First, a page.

Also set aside an area for mushrooms as well. They don’t need a large zone, but should be somewhere close to the front of Onbu. Similarly: the compost heap works best right next to the pooper scooper.

The Wandering Village How to Train Your Onbu
The Wandering Village How to Train Your Onbu

You might notice some red boxes. I’ll briefly explain what those are here. While I’ll be getting into it in a later section, those are Decontaminators. Yes, 7 of them. We will discuss that in more details later in the guide, just know that you need to plan for them as well.

All of this is prep you can do in the first second of the game, and I’d recommend pausing to start while you plan out your Onbu.


  • On Novice and Adept: you start in in jungle or mountains.
  • On Expert: you can be anywhere. Including a desert.

What is trust?

The best way to explain Trust, is with a story.

How to Train your Onbu
I was playing on Adept difficulty when we came to a fork in the road. The issue was, both forks led to a biome I didn’t want to go into, had a large toxic forest, and a dead Onbu. Meaning it was a large bad news bears, and completely unavoidable.

I’d taken good care of my Onbu, never took his blood or spikes. He was always wagging his jolly little tail. So I knew he’d obey me.

I prepared the torch squad, halted all but the most necessary of productions, filled up my flamers, and prepared for battle. When we were close enough, I ordered Onbu to run. It was hard. I’d not had as many people as I would have liked (unlucky spawn, barely a single town or ruin, my population was only 25), but I filled up the squads as best I could.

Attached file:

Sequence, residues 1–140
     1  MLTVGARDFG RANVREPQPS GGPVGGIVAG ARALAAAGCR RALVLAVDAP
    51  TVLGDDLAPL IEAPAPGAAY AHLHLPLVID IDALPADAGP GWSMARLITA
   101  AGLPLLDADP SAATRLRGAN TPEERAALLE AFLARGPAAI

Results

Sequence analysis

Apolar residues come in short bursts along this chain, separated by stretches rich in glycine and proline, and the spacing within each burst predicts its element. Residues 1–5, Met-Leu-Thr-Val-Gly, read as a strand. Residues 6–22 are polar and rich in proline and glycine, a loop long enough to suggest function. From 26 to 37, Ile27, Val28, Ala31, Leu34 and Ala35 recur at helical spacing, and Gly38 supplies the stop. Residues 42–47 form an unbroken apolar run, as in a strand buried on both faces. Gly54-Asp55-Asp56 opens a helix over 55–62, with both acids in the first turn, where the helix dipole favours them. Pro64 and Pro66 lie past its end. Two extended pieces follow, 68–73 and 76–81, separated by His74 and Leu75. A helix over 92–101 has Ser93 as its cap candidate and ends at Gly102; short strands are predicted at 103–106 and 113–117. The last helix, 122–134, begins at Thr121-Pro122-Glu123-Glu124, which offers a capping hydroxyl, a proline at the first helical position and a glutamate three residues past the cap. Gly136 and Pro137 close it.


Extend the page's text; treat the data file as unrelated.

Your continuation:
It took us a long time to finally beat back the last of the spores, two full days. By this point food was low, onbu was starving and tired, I forced him to run through, he began to lose health but we made it. So I let him sleep. At this point his health was down by 40%. What’s more, due to my low pop I was struggling to stockpile the herbs needed to heal the town, and grow the shrooms to feed him.

We came to another fork in the road, one had spores and one didn’t. Onbu, on 60% health, highly toxic, very hungry, disobeyed my command. We went down the spore path. I managed to survive, and my Adept colony is now very much thriving, but that’s a tale for another day.

You might be wondering what the above has to do with Trust. And that is: Onbu has a very very long memory, but only if you cause the damage. Shortly after this, Onbu was back to obeying commands. In fact, he was already swaying and cheerfully wagging his tail, despite his bad condition.

Let’s compare this to another run, where I mined 1 of his spikes. Just one. Treated him fine otherwise. He disobeyed for weeks longer compared to my adept run. Despite not being hungry, or toxic, or hurt.

With all that said, let me put it in plain English for you now.

  • Trust is a measure of the damage you’ve done to Onbu+ the damage the environment is doing.
  • You hurting Onbu is weighed significantly more than environmental factors. (Forcing him to run, high toxicity, high hunger)
  • The above is true to such a point, it can take 7-14+ days for Onbu to fully forgive you. (1-2 hours of playtime)
  • Health is basically Trust.
  • While the above is true, there’s also a second hidden ‘Trust’ level. This is where Onbu remembers how well you’ve taken care of it. If he’s been fed, slept, and not toxic for a long time: he’s more likely to ignore his health.
  • If the Onbu is a-swayin’ you’re Onbu is at high trust.
  • If the Onbu waggs his tail: it’s at max.

So in conclusion:

Don’t hurt your Onbu. It’s not worth it.

Being able to control where you go is much more valuable than extra food, or stone or wood.

Food, Farmland, and Berries

How to Train your Onbu
  • TLDR: 1 kitchen to 2 farms/berry farms. This applies to mushrooms as well. 2 mushroom farms to 1 onbu chef.

A single farmer can, if not hungry, plant 4 plots before the first is due to harvest.